Drink steam-distilled water only. Consult the doctor.
Hawthorn flower tea:
Pour 1 cup of hot water over 1 heaping tsp. of hawthorn flowers, let steep for 15 minutes, then strain.
In the morning or after breakfast, drink 1 cup of tea in sips, and drink a like amount before going to bed. The evening cup of tea also helps you to go to sleep and promotes nighttime regeneration. Sweeten the evening tea with 1 tsp. of honey (no sweetening for diabetics).
Back to Top


Bibliography

Buy It! Back to Eden, by Jethro Kloss; Back to Eden Publishing Co., Loma Linda, CA 92354, Original copyright 1939, revised edition 1994

Buy It! The Complete Medicinal Herbal, by Penelope Ody, Dorling Kindersley, Inc, 232 Madison Avenue, New York, NY 10016, First American Edition, copyright 1993

Buy It! Eastern/Central Medicinal Plants, by Steven Foster and James A. Duke., Houghton Mifflin Company, 215 Park Avenue South, New York, NY 10000

Buy It! The Old Herb Doctor, by Joseph E. Meyer, Meyerbooks, publisher, PO Box 427, Glenwood, Illinois 60425, copyright 1984, sixth printing 1994.

Buy It! Earl Mindell’s Herb Bible, by Earl Mindell, R.Ph., Ph.D., Simon & Schuster/Fireside, Rockefeller Center 1230 Avenue of the Americas, New York, New York 10020

Buy It! Indian Herbalogy of North America, by Alma R. Hutchens, Shambala Publications, Inc., Horticultural Hall, 300 Massachusetts Avenue, Boston, Massachusetts 02115, 1973

Buy It!The Magic of Herbs, by David Conway, published by Jonathan Cape, Thirty Bedford Square, London, England. (Out of print)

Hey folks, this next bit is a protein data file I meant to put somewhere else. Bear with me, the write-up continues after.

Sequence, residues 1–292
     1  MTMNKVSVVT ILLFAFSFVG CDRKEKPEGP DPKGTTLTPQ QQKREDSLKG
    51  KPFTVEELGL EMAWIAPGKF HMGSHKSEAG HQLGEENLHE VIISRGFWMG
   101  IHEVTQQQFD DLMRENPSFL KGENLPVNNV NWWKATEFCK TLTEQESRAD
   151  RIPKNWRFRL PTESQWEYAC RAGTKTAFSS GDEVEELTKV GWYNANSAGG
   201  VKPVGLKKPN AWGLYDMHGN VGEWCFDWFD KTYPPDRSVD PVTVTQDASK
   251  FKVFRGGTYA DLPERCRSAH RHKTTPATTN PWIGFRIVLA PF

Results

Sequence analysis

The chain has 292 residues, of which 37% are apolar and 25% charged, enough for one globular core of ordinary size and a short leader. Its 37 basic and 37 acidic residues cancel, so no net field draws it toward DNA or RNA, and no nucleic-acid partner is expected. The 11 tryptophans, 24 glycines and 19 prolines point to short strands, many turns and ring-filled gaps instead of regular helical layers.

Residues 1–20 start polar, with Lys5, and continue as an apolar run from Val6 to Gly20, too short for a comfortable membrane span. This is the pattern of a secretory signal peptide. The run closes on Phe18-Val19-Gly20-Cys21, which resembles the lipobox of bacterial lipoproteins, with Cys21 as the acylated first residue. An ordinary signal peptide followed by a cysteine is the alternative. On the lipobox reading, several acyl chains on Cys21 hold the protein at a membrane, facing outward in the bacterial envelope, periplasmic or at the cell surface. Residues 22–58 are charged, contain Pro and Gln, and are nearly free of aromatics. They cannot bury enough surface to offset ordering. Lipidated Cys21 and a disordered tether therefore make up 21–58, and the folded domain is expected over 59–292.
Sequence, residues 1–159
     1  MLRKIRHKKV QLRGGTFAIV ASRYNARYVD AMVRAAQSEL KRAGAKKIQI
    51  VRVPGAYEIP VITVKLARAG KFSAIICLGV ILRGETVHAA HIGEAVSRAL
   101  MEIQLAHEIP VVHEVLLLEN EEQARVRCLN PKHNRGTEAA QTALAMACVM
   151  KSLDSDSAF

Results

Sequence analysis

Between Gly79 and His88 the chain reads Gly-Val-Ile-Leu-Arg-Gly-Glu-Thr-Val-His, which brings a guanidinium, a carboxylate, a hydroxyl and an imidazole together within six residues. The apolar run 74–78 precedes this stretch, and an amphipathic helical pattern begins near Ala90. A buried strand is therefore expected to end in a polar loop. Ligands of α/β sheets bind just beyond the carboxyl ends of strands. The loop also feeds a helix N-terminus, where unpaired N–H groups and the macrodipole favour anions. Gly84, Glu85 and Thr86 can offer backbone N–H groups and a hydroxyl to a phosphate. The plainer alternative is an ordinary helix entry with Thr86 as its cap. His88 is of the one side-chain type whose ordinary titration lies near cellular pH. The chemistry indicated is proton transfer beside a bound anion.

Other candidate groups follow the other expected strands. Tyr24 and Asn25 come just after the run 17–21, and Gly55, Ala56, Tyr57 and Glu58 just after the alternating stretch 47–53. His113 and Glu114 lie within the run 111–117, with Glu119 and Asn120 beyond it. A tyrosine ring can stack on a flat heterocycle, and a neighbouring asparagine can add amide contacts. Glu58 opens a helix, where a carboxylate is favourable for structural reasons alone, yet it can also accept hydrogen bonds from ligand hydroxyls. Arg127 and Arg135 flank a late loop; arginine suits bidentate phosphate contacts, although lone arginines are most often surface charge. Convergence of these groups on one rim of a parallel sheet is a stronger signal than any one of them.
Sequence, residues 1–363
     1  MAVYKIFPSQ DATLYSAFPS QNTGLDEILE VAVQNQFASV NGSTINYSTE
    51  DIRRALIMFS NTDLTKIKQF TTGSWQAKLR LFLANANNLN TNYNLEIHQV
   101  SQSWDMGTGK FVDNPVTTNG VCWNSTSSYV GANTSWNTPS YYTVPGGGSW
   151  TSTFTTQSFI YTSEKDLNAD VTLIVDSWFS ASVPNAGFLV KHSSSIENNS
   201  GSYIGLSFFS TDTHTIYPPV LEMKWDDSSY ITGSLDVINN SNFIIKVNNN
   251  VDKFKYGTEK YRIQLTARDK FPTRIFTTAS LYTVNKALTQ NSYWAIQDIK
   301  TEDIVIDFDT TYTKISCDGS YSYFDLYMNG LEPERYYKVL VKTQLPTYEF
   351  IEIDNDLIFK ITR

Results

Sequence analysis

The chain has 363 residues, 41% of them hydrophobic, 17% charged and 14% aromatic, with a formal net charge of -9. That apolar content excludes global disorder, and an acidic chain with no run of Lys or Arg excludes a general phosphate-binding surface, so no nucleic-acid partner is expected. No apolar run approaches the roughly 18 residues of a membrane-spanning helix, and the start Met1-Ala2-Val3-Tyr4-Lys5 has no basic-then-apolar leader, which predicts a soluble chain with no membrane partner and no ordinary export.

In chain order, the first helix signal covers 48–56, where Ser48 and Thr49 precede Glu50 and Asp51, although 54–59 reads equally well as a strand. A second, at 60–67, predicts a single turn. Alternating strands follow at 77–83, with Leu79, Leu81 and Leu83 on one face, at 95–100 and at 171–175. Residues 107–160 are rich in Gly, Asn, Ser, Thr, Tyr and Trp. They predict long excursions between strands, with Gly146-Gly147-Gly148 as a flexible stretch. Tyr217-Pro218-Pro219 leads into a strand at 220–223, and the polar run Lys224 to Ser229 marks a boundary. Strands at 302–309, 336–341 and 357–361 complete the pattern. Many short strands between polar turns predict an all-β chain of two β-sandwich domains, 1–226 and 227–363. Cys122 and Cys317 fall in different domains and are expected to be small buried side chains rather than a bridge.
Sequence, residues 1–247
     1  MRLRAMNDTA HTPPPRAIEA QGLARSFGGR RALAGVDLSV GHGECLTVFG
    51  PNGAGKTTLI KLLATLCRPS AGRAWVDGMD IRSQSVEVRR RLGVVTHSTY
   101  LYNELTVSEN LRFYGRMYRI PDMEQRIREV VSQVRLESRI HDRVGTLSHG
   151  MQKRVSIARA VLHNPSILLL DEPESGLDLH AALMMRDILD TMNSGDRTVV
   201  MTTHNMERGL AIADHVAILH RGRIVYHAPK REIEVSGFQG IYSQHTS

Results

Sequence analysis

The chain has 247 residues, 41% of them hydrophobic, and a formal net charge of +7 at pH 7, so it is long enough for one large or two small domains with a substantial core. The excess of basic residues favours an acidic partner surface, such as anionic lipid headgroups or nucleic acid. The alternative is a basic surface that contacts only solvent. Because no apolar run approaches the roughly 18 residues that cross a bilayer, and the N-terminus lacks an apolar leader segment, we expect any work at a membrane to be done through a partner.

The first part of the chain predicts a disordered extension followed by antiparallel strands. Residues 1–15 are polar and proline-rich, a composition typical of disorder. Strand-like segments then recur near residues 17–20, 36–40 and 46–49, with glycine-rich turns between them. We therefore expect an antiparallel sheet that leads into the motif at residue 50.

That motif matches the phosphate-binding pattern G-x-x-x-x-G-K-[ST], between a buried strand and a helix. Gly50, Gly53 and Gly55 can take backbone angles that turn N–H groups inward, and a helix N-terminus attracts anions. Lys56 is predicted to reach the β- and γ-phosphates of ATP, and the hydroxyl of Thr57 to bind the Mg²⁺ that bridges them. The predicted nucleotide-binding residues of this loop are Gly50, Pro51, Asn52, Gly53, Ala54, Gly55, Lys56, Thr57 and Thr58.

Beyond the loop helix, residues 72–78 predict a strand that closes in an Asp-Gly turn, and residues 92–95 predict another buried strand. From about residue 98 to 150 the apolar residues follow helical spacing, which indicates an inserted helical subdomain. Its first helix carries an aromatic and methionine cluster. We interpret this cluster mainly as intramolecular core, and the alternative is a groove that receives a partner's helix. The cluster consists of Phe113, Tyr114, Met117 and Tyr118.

Buy It! The Nature Doctor: A Manual of Traditional and Complementary Medicine, by Dr. H.C.A. Vogel; Keats Publishing, Inc., 27 Pine Street (Box 876) New Canaan, CT. 06840-0876. Copyright Verlag A. Vogel, Teufen (AR) Switzerland 1952, 1991

Buy It! The Healing Plants, by Mannfried Pahlow, Barron’s Educational Series, Inc. 250 Wireless Blvd., Hauppauge, NY 11788, 1992

Buy It! Planetary Herbology, by Michael Tierra, C.A., N.D., O.M.D., Lotus Press, PO Box 325, Twin Lakes. WI 53181., Copyright 1988, published 1992

Buy It! The Herb Book, by John Lust, Bantam Books, 666 Fifth Avenue, New York, NY. copyright 1974.

Buy It! The Yoga of Herbs: An Ayurvedic Guide to Herbal Medicine, by Dr. David Frawley & Dr. Vasant Lad, Lotus Press, Twin Lakes, Wisconsin, Second edition, 1988.

Buy It! Prescription for Nutritional Healing, Fifth Edition: A Practical A-to-Z Reference to Drug-Free Remedies Using Vitamins, Minerals, Herbs & Food Supplements, by James F. Balch, M.D. and Phyllis A. Balch, C.N.C., Avery Publishing Group, Inc., Garden City Park, NY

Back to Top

Share